Anybody who has read about the Data space in the last year will have come across the meteoric rise of the Analytics Engineer—a role that sits in the liminal boundary between Data Engineering and Data Analytics. Why are companies willing to give such increases in salaries for candidates with such short exposure to a handful of off-the-shelf tools?

So it begs the question, what is an Analytics Engineer?

“You can think of an analytical engineer as the role that can answer technically hard questions using data engineering as a tool, but understanding data analytics as to the goal.” - Keboola

Of course, those who adopt the Analytics Engineering approach still require some Data Engineering knowledge to build, for example, technologies such as Airflow or Luigi as an Orchestration tool, Analysts to visualise, but what if this can be done much quicker and more efficiently so that the Data can be utilised in real-time with higher accuracy. This intersection is the genesis of Analytics Engineers and the adaptation of the ELT as opposed to your traditional ETL approach (undermentioned).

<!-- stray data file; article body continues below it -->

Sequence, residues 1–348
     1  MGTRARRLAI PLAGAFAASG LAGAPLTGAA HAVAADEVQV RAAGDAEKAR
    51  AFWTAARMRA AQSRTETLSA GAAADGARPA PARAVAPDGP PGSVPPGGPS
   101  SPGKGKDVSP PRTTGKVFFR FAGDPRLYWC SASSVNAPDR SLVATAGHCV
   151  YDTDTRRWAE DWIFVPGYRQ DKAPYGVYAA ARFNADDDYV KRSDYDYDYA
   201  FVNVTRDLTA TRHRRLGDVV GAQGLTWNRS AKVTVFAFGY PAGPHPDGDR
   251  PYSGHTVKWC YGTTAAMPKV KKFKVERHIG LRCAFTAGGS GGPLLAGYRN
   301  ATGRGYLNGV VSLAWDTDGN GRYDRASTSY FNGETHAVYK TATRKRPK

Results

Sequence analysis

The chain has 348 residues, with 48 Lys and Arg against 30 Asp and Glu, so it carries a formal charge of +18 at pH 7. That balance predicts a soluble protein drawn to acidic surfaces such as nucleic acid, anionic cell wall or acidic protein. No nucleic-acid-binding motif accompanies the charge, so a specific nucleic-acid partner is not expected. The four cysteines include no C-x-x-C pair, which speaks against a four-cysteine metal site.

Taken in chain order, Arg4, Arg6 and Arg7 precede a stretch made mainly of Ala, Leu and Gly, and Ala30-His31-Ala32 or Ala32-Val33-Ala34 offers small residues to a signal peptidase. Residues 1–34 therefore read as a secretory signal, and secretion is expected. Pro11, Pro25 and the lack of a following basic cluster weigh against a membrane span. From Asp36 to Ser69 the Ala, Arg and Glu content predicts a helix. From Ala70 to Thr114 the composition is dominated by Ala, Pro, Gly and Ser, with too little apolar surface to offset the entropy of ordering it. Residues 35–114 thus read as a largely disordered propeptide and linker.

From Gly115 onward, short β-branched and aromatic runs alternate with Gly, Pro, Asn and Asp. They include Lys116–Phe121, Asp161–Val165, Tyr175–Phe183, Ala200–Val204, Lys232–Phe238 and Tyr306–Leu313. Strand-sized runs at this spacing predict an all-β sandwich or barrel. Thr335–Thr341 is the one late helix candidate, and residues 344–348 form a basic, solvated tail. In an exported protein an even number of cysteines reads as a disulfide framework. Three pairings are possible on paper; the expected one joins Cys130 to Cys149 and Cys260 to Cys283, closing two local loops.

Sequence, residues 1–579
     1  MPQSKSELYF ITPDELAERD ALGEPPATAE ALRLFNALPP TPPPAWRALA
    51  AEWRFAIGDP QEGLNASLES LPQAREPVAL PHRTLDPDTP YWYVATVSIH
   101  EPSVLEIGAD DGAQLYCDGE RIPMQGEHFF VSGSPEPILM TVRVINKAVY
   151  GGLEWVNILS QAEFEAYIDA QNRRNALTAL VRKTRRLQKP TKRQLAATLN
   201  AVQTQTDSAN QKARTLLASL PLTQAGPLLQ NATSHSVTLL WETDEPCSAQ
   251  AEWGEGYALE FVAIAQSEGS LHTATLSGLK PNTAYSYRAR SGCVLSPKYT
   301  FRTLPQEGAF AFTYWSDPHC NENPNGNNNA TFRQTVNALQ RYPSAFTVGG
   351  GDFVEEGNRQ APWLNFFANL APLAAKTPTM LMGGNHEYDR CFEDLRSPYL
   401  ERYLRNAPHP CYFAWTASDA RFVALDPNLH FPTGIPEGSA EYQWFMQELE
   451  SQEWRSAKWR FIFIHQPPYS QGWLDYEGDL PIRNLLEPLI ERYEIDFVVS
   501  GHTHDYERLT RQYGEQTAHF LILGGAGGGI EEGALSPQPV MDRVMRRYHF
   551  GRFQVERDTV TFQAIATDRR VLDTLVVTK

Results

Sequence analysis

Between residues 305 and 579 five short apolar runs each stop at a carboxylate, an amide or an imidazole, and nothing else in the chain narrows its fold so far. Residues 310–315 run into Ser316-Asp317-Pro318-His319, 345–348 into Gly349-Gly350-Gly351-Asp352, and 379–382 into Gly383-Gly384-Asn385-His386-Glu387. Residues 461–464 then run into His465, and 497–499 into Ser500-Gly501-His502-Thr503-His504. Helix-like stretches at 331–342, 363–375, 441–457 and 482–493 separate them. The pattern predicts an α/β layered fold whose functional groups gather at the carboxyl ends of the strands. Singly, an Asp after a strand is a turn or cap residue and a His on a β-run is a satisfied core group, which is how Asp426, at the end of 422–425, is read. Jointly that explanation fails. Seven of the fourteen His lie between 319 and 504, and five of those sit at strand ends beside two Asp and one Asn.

The premiss of this blog is to explain, for both Data professionals and companies looking to hire, the possibilities of Analytics Engineering.

For Data Professionals:

Recently, I was scrolling through LinkedIn and saw a post that mocked different jargon of the data field, it read “Analytics Engineer = anyone who can use dbt”. Although this was a joke it is hard to not think there could be some basis of truth for anyone who scours Analytics Engineering job adverts, as the likely tools of choice are dbt, Fivetran or Stitch. But this wildly undermines a truly sui generis position within a data function. Keboola outlined the three main responsibilities:

  1. Data pipelining: building clean, end-to-end data sets which can be used by both technical and non-technical users. This becomes increasingly important, in the efficiency goal of most tech lead businesses, of self-service analytics. However, most businesses adopting the Analytics Engineering approach have been keeping some Data Engineers for building pipelines.